Front Matter The Name of My City My Own Name Why We Went to London Bound for America On Board Ship Unknown Country The End of the Voyage Going Ashore Our First Shelter A Tedious Task Our Cave Home Completed How We Kept House Savages Come to Town What the Savages Wore Game in Plenty Sea Food News of the Factor Arrival of the Amity Going to Meet the Factor A Tiresome Journey Meeting Old Friends Roasting Turkeys Turning an Honest Penny A Place for the City Building the City A Bear Hunt The New Home Penn's Care for Colonists The First Baby How the Indians Live Indian Utensils and Tools Canoes of Bark Making Wampum The Beehive Huts Finishing the Cure Starting a Fire Cooking Indian Corn News of Penn's Arrival Our Humble Preparations The Welcome to Penn A Day of Festivities Penn Joins in the Sports More Serious Business What a Bake Oven Is Baking in the New Oven Penn Plans to Buy Land Penn and the Indians The Price Paid for Land Gratitude of the Indians Trapping Wild Turkeys New Arrivals Government by the People The Promise of a School Dock Creek Bridge The Nail Business Buying Iron in New York No Merrymaking after Dark Busy Days Enoch Flower's School End of Our School Days Settlement of Germantown New Laws in Our Own Town A Division of Opinion A Matter of History Boundary Lines The Governor's Following A Proud Departure The Settlement of Chester Dining in State Anchored off New Castle An Uncomfortable Night A Dull Journey In Lord Baltimore's City A Splendid Home A Question of Duty Amy of Maryland The Shops of Maryland The Result of the Visit Philadelphia Progresses Penn Goes Back to London

Stephen of Philadelphia - James Otis

What the Savages Wore

So to set down what they wore that whosoever reads may picture it in his mind is far beyond me, and yet they had little of clothing, even though there was a chill of frost in the air.

At first glance it seemed as if they were decked out with nothing save feathers. Some had many bright-colored plumes in their hair; others wore a hind of headdress in which the feathers stood up straight, like unto a crown, while not a few had, in addition to the crown, a long train of feathers sweeping downward from their heads.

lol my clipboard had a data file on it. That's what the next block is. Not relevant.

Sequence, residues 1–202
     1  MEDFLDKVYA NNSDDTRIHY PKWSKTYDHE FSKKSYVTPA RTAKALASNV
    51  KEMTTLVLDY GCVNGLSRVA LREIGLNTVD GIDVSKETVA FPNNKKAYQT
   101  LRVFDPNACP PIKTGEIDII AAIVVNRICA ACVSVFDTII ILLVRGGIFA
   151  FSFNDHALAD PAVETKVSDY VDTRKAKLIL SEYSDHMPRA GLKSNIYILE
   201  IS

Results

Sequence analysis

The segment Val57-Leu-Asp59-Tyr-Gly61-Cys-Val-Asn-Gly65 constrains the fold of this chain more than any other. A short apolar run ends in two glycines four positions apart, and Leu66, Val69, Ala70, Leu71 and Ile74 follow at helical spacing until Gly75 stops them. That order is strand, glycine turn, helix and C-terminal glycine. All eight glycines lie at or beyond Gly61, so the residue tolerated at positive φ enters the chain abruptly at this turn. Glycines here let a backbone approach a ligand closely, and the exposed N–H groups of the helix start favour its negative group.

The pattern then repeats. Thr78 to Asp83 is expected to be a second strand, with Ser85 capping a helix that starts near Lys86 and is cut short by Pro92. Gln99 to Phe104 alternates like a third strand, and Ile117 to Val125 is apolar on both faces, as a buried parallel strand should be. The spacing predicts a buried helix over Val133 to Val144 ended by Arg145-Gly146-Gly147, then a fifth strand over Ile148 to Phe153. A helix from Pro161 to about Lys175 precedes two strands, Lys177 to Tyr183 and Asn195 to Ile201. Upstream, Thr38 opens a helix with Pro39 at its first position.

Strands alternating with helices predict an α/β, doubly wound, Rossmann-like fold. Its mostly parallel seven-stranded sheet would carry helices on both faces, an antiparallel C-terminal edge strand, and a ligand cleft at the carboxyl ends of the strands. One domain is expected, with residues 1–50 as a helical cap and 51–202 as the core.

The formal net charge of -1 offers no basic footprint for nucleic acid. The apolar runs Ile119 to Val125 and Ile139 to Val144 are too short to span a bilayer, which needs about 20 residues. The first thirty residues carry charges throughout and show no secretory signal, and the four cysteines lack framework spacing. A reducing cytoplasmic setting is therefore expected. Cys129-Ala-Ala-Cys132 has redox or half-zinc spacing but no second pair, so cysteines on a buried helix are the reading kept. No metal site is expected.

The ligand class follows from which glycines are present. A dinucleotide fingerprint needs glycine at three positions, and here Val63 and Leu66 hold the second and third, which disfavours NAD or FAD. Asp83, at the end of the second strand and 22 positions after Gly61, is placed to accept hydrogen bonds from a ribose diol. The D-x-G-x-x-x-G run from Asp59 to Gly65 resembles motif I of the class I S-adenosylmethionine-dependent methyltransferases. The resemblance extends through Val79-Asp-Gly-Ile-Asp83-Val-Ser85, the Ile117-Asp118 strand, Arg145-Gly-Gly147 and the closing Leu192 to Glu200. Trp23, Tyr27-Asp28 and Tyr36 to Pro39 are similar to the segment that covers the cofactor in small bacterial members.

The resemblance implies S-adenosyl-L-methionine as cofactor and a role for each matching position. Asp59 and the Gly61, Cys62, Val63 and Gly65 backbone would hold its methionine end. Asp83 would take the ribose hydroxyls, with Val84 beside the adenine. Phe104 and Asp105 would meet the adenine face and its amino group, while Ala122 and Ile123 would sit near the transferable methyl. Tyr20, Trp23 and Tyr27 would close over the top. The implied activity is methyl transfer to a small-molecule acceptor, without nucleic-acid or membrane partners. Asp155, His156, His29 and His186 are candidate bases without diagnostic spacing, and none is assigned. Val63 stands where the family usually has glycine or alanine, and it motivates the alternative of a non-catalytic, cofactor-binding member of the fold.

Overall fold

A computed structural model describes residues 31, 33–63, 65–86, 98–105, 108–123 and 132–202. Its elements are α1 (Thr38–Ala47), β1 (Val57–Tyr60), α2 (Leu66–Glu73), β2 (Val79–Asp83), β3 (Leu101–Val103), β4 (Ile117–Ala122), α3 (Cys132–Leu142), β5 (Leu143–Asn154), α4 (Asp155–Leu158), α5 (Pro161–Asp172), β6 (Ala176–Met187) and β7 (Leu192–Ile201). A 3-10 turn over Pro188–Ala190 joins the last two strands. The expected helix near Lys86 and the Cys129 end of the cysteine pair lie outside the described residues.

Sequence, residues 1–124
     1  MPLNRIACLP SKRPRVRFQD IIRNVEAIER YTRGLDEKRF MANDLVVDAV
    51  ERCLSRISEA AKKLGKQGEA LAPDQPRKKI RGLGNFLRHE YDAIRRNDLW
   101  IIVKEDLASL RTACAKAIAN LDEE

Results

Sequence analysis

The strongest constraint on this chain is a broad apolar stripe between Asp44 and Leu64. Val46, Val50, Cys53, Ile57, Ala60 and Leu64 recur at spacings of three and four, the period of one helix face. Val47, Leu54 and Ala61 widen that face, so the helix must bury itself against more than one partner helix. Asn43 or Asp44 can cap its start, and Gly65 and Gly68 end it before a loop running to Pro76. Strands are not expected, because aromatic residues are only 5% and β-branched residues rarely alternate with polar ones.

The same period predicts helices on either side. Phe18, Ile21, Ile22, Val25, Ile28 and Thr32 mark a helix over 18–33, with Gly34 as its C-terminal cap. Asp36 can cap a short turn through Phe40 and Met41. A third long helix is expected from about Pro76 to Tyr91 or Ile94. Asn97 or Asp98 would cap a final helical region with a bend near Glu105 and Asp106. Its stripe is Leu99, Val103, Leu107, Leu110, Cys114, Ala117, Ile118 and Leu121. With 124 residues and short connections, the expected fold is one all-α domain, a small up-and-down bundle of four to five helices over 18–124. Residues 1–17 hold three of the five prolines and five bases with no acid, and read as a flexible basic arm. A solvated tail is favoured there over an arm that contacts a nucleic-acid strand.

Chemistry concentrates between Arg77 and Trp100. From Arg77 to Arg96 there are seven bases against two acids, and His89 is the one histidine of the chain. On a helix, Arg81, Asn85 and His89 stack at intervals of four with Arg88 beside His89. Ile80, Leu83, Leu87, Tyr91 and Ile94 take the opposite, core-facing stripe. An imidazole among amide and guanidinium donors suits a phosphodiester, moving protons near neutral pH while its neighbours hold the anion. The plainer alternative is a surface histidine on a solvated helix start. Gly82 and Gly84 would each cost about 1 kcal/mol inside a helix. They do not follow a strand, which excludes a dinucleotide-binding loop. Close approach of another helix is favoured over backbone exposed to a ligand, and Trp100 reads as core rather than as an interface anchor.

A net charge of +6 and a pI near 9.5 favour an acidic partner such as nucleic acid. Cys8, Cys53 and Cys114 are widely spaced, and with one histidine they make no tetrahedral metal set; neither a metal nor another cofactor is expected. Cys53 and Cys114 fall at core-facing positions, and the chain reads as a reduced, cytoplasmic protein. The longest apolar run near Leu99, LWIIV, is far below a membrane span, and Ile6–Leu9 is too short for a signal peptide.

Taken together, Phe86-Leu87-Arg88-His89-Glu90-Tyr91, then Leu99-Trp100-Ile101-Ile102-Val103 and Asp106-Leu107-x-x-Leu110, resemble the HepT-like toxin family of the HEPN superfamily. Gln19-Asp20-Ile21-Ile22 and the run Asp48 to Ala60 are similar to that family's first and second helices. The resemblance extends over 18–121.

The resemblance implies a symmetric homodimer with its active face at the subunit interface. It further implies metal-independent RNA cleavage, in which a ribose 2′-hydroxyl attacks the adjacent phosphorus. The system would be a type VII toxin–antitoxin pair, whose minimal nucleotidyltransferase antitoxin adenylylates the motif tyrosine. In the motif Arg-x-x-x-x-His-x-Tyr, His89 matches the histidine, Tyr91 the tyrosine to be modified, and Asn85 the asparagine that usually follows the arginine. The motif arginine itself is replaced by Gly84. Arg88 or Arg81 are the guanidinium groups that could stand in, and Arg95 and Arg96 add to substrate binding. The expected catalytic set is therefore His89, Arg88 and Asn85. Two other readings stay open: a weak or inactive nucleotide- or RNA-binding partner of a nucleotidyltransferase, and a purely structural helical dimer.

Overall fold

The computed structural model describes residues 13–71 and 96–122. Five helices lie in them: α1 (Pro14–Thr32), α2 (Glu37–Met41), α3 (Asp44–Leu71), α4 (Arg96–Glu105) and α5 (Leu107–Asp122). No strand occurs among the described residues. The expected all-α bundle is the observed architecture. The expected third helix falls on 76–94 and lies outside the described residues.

[Illustration] from Stephen of Philadelphia by James Otis

All wore soft, odd-looking shoes, much ornamented with what appeared to be beads and straws, which last I afterward learned were quills of the porcupine stained in gay colors. Not a few of them had on half-breeches of tanned deer hide, my father said, and these also were decked fancifully with beads and quills.

One would have said they were a party of merry- makers, who had put on all these feathers as a sort of disguise, save that there were no signs of mirth on their faces.

Some had bows in their hands, with arrows in a quiver slung over the left shoulder; but I was surprised to see three who carried guns which had much the look of English make.

My father afterward explained this by saying that these savages had, most like, traded with the people of New York and the English in Connecticut, or with the Swedes who were settled round about us, and in such way been able to buy firearms. He declared, however, that it was more the behavior of madmen, than of people who counted to live in this land, to put into the hands of the Indians weapons with which they could easily kill those who had thus supplied them.

Before the winter was passed I came to be so accustomed to the sight of these brown, feather-decked men as to give little or no heed when they came among us.

It was much as if they counted on being friendly, for scores and scores came with furs, wild fowl, or deer meat to sell, and I never saw any of them give way to anger, even when the women and girls gathered about them, through idle curiosity, in such numbers that the savages could do no more than stand still until the press gave way.